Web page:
Vibrio parahaemolyticus

Both pathogenic and non-pathogenic forms of Vibrio can be found in fish and shellfish in marine environments of the United States.  The duration of the illness is generally two to three days, with an incubation period ranging from four hours to four days after ingestion.

Only a few cases of Vibrio require hospitalization, because the disease is usually mild.  Effects take route when the organism binds to the walls of the small intestine and excretes toxin. (The secreted toxin is currently unidentified). Symptoms of Vibrio may include: diarrhea, abdominal cramps, nausea, vomiting, headache, fever, and chills.

Vibrio infections have been reported with the consumption of raw or improperly cooked fish and shellfish.  There is a correlation between Vibrio infection and the warmer months of the year. Improper refrigeration of contaminated seafood will allow proliferation, which increases risk of infection. All consumers of contaminated seafood are at risk of contracting Vibrio; however, few cases require antibiotics.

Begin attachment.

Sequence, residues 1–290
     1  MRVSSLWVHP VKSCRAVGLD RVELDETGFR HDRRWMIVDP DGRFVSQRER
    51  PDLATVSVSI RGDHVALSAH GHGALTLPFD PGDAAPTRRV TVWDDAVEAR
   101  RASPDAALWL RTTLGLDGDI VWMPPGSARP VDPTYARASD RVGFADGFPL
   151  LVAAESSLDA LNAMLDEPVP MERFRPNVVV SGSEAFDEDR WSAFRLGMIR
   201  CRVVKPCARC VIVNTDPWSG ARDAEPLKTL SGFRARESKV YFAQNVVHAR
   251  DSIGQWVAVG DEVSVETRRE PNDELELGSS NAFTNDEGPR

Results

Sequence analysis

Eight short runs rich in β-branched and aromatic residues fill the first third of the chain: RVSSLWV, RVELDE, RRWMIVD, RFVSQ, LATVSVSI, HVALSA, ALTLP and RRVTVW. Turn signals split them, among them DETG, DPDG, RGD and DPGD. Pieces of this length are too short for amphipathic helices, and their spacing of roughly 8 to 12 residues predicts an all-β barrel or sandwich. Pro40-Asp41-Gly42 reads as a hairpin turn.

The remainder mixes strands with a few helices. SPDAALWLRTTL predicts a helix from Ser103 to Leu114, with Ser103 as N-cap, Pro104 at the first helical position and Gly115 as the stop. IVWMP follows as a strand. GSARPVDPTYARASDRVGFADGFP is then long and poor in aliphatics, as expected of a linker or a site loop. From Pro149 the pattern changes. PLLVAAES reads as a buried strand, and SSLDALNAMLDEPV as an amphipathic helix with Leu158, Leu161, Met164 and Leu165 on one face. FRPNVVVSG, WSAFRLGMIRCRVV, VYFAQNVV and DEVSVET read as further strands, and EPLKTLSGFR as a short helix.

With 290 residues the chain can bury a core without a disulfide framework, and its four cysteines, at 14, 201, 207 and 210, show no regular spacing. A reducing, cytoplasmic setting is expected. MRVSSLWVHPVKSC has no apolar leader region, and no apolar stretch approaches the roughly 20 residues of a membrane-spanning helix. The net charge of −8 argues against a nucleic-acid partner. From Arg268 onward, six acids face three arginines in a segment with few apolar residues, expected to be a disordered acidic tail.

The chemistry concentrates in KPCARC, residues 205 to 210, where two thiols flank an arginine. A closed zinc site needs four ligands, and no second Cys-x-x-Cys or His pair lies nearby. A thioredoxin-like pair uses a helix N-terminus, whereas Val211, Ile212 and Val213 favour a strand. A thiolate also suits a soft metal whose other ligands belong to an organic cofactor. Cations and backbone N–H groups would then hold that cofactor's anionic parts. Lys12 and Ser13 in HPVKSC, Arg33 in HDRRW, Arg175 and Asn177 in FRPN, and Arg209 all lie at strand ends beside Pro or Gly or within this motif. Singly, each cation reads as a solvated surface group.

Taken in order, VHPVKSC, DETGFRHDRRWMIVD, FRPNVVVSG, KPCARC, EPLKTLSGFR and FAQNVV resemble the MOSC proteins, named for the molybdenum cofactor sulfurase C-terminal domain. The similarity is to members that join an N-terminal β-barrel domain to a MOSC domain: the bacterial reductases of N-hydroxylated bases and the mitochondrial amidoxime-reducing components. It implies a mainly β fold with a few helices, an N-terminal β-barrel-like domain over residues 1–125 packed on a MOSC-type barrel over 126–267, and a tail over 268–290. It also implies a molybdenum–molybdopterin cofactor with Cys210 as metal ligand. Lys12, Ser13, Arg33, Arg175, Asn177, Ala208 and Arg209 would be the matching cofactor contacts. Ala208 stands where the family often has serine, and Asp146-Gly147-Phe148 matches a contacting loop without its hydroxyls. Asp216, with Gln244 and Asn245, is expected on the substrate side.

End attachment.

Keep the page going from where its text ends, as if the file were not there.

More Information on Vibrio:


  • Article History
    • Revision Date: 6/22/2010

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Improper handling of raw meat, poultry, and seafood can create an inviting environment for cross-contamination. As a result, bacteria can spread to food and and other surfaces throughout the kitchen. Keeping uncooked meat, poultry, and seafood away from ready-to-eat foods like fruits, vegetables, and cold cuts helps prevent pathogens and other bacteria from contaminating the ready-to-eat foods.

Source: Partnership for Food Safety Education

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